Russell Jack Drake

Interviewed by Katie McCary

Mr. Drake grew up in Gardendale, Alabama during the 1950s. Throughout his childhood, Mr. Drake spent most of his time playing outdoors with his sister and enjoying the small-town life that Gardendale offered. When Mr. Drake was around eight years old, he began to develop an interest in the popular 1950s sitcom “Perry Mason.” This show featured the antics of a prominent defense attorney and immediately drew Mr. Drake to the future career goal of becoming a lawyer. Neither of Mr. Drake’s parents graduated from high school and were both very supportive of any career goal that would propel him to attend college. He began his undergraduate career at the University of Alabama in the early 1960s.

As Mr. Drake got older, he became less influenced by Perry Mason and more driven by the ongoing civil rights battle in the United States as well as the Vietnam War protests. While still an undergraduate student, Mr. Drake formed UA’s Democratic Students Organization. The formation of the DSO came with the intent to provide more radical students with a more conservative alternative to the national Students for a Democratic Society movement. Mr. Drake remembers the political and cultural climate of UA’s campus at the time as being “pretty conservative, very white, and very homegrown,” with most students coming to Tuscaloosa from Alabama cities. As such, the SDS would not have gone over well on UA’s campus. Even the simple peace vigils organized by the DSO put Mr. Drake on the radar of some very powerful people. Every Friday at noon, the DSO would stand silently on the steps of the Union building for 15 minutes. According to Mr. Drake, this non-violent form of protest brought out news media and police agencies from all across the state of Alabama.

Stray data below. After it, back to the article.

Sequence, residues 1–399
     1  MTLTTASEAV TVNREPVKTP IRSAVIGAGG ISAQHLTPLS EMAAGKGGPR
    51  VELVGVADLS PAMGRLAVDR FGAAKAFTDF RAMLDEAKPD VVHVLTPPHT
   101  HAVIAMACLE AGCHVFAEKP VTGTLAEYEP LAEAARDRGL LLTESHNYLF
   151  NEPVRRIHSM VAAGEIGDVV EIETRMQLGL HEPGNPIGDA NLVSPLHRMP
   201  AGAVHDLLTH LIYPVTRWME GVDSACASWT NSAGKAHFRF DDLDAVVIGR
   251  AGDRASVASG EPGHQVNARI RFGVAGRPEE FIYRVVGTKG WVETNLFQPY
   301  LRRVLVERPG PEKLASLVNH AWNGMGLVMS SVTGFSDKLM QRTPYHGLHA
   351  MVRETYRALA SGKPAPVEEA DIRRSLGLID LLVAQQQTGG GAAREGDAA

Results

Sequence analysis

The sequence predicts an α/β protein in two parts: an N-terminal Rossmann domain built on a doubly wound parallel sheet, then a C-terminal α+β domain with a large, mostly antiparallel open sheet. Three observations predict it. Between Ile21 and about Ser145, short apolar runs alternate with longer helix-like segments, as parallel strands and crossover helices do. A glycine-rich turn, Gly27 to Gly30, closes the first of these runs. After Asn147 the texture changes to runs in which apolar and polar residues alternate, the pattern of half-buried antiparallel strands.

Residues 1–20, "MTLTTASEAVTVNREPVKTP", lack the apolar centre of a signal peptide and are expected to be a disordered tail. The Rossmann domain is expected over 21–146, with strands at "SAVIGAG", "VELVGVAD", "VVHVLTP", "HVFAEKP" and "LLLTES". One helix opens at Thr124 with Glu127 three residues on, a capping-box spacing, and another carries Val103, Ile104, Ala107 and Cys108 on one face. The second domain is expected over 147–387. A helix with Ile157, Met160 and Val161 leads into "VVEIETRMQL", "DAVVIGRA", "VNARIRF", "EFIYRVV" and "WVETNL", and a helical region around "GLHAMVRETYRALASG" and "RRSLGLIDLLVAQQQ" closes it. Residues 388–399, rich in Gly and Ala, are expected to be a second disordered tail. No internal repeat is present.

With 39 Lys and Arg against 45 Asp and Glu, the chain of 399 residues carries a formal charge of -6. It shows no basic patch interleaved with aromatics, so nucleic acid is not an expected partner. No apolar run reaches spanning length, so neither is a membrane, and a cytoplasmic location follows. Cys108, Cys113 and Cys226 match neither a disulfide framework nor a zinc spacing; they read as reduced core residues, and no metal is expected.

“You would think that we had burned 20 flags or something. I mean, we would just stand there. It started out that there were 20 or 30 of us and then it got to be 100 or so. News media from all over the state of Alabama, from Atlanta, regional news organizations would come and film us. And every police agency in the state had people there watching us. FBI, state troopers, Alabama Bureau of Intelligence, the National Guard had some intelligence officers there. Every time I ever did anything for two years those guys were there.”

Russell Jack Drake

The above quote from Mr. Drake highlights just one small instance in which he was closely monitored by media and police agencies alike. Mr. Drake recalled a story that he once gave to an interviewer writing for the Anniston Star in which he tells of the time he first met then-Governor George Wallace. According to Mr. Drake, he attempted to introduce himself to Governor Wallace upon first entering the room. Rather than letting him finish, Governor Wallace simply told Mr. Drake he already knew who he was–he had seen more pictures of Mr. Drake than he had of his own children (Pockstaller). While reflecting on this story, Mr. Drake began to describe a group called the Alabama Legislative Commission to Preserve the Peace. This group would follow Mr. Drake around constantly, both in relation to his activities with the DSO and in his regular life. Despite the intimidation and fear this may strike into others, Mr. Drake simply saw this as an annoyance. Ultimately, he was able to sue the Legislative Commission to Preserve the Peace and put them out of business.

Reverend T.Y. Rogers Jr. via Tuscaloosa Area Virtual Museum